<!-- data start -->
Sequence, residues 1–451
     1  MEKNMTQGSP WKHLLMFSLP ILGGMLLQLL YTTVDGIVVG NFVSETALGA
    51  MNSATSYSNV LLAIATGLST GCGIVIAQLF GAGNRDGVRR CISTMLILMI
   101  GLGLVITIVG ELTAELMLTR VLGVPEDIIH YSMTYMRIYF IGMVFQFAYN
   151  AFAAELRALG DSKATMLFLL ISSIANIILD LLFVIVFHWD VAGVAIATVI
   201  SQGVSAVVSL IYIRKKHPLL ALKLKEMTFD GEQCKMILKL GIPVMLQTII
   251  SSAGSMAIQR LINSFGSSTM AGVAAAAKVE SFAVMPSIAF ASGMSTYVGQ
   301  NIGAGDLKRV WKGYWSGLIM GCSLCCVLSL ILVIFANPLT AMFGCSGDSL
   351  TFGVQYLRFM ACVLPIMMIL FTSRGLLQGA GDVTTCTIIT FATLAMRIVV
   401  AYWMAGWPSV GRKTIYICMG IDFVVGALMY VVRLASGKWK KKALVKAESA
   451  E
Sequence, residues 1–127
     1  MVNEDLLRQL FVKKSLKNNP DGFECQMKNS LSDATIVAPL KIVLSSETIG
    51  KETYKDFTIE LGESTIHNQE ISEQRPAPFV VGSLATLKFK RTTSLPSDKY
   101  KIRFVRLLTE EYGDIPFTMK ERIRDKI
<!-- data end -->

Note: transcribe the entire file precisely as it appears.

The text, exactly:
Sequence, residues 1–451
     1  MEKNMTQGSP WKHLLMFSLP ILGGMLLQLL YTTVDGIVVG NFVSETALGA
    51  MNSATSYSNV LLAIATGLST GCGIVIAQLF GAGNRDGVRR CISTMLILMI
   101  GLGLVITIVG ELTAELMLTR VLGVPEDIIH YSMTYMRIYF IGMVFQFAYN
   151  AFAAELRALG DSKATMLFLL ISSIANIILD LLFVIVFHWD VAGVAIATVI
   201  SQGVSAVVSL IYIRKKHPLL ALKLKEMTFD GEQCKMILKL GIPVMLQTII
   251  SSAGSMAIQR LINSFGSSTM AGVAAAAKVE SFAVMPSIAF ASGMSTYVGQ
   301  NIGAGDLKRV WKGYWSGLIM GCSLCCVLSL ILVIFANPLT AMFGCSGDSL
   351  TFGVQYLRFM ACVLPIMMIL FTSRGLLQGA GDVTTCTIIT FATLAMRIVV
   401  AYWMAGWPSV GRKTIYICMG IDFVVGALMY VVRLASGKWK KKALVKAESA
   451  E
Sequence, residues 1–127
     1  MVNEDLLRQL FVKKSLKNNP DGFECQMKNS LSDATIVAPL KIVLSSETIG
    51  KETYKDFTIE LGESTIHNQE ISEQRPAPFV VGSLATLKFK RTTSLPSDKY
   101  KIRFVRLLTE EYGDIPFTMK ERIRDKI